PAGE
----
Oh, one more thing. According to Google, at the age of 92, Gurney is still with us, but my contact information for him is long gone. If anybody who reads this knows how to get back in touch with him, please let me know. In the mean time, I give you my cover story interview with Mr. Gurney from Filmfax, 2002. Enjoy…..

Artist Harley Brown rendered the cover art for the Oct/Nov 2002 issue of Filmfax featuring my interview with filmmaker Robert J. Gurney.

Artist Harley Brown rendered the cover art for the Oct/Nov 2002 issue of Filmfax featuring my interview with filmmaker Robert J. Gurney.

Robert Gurney Filmfax interview, page 1.

Robert Gurney Filmfax interview, page 1.

Robert Gurney Filmfax interview, page 2.

Robert Gurney Filmfax interview, page 2.

Robert Gurney Filmfax interview, page 3.

Robert Gurney Filmfax interview, page 3.

Robert Gurney Filmfax interview, page 4.

Robert Gurney Filmfax interview, page 4.

Robert Gurney Filmfax interview, page 5.

Robert Gurney Filmfax interview, page 5.

Robert Gurney Filmfax interview, page 6.

Robert Gurney Filmfax interview, page 6.

Robert Gurney Filmfax interview, page 7.

Robert Gurney Filmfax interview, page 7.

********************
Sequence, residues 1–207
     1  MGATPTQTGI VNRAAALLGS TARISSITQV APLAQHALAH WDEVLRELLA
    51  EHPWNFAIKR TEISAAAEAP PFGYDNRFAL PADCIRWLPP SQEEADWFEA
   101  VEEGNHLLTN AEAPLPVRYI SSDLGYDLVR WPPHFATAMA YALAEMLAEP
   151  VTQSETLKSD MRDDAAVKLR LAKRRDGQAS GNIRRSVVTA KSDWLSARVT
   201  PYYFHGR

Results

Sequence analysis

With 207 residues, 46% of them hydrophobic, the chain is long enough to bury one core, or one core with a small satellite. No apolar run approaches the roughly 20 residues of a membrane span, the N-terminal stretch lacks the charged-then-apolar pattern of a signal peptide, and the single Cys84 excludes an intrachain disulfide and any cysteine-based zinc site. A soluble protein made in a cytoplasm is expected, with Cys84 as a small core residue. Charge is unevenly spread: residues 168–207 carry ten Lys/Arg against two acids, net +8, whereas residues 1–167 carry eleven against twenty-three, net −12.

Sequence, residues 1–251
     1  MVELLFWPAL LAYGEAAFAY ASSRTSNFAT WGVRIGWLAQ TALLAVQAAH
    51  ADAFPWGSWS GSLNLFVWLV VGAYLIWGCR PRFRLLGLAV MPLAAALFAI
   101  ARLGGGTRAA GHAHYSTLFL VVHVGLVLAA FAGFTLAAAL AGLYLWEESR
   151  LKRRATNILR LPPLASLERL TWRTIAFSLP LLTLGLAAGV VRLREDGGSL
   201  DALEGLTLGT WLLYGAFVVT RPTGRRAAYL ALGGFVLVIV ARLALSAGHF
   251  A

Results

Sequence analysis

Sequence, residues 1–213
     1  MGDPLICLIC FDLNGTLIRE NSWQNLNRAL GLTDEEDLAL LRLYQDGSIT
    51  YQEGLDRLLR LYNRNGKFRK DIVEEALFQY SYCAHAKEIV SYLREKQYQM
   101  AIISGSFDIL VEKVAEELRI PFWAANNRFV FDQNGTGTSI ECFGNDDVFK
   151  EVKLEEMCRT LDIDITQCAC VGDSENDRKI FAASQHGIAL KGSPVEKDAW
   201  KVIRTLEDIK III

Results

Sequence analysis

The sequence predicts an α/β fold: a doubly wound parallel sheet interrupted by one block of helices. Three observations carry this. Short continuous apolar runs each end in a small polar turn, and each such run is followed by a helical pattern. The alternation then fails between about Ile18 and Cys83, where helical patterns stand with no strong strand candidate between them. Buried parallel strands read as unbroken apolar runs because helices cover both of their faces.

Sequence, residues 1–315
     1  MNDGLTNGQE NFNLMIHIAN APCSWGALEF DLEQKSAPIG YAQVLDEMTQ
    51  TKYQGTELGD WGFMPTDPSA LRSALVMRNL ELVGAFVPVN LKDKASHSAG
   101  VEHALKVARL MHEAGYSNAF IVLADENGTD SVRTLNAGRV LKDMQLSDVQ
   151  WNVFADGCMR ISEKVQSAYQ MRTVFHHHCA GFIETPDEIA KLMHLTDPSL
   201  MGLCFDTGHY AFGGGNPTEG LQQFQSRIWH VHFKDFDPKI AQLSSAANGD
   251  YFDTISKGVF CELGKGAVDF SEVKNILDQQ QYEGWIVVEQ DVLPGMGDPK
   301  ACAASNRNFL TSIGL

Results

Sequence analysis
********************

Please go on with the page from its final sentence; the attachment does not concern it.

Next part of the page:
Robert Gurney Filmfax interview, page 8.

Robert Gurney Filmfax interview, page 8.

Robert Gurney Filmfax interview, page 9.

Robert Gurney Filmfax interview, page 9.

Robert Gurney Filmfax interview, page 10.

Robert Gurney Filmfax interview, page 10.

Robert Gurney Filmfax interview, page 11.

Robert Gurney Filmfax interview, page 11.

Robert Gurney Filmfax interview, page 12.

Robert Gurney Filmfax interview, page 12.

Robert Gurney Filmfax interview, page 13.

Robert Gurney Filmfax interview, page 13.

-Dwayne Epstein

 

 

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ARCHIVE: MY INTERVIEW WITH SAMURAI WIDOW, JUDY BELUSHI

I recently came across an article stating that a film is in the works based on Judy Belushi’s biography of her late husband, singer/actor/comedian, John Belushi. It stated that Ellen Page might play her and Emil Hirsh would play John. Unfortunately, it doesn’t look likely to happen but it did remind me of the time I interviewed Judy Belushi.
Before I was able to finally get a publisher for Lee Marvin Point Blank, I lucked into some great freelance work for Filmfax Magazine. Interviewing the former Judtih Jacklin in 2006 was a dream come true for this die-hard fan of her late husband. Shy at first, she could tell I had done my homework on her late husband’s career and quickly opened up to me with great tales not even mentioned in her book. The one about Lauren Bacall is but one great example. So, without further ado, here’s that interview from almost 10 years ago (yipes!)….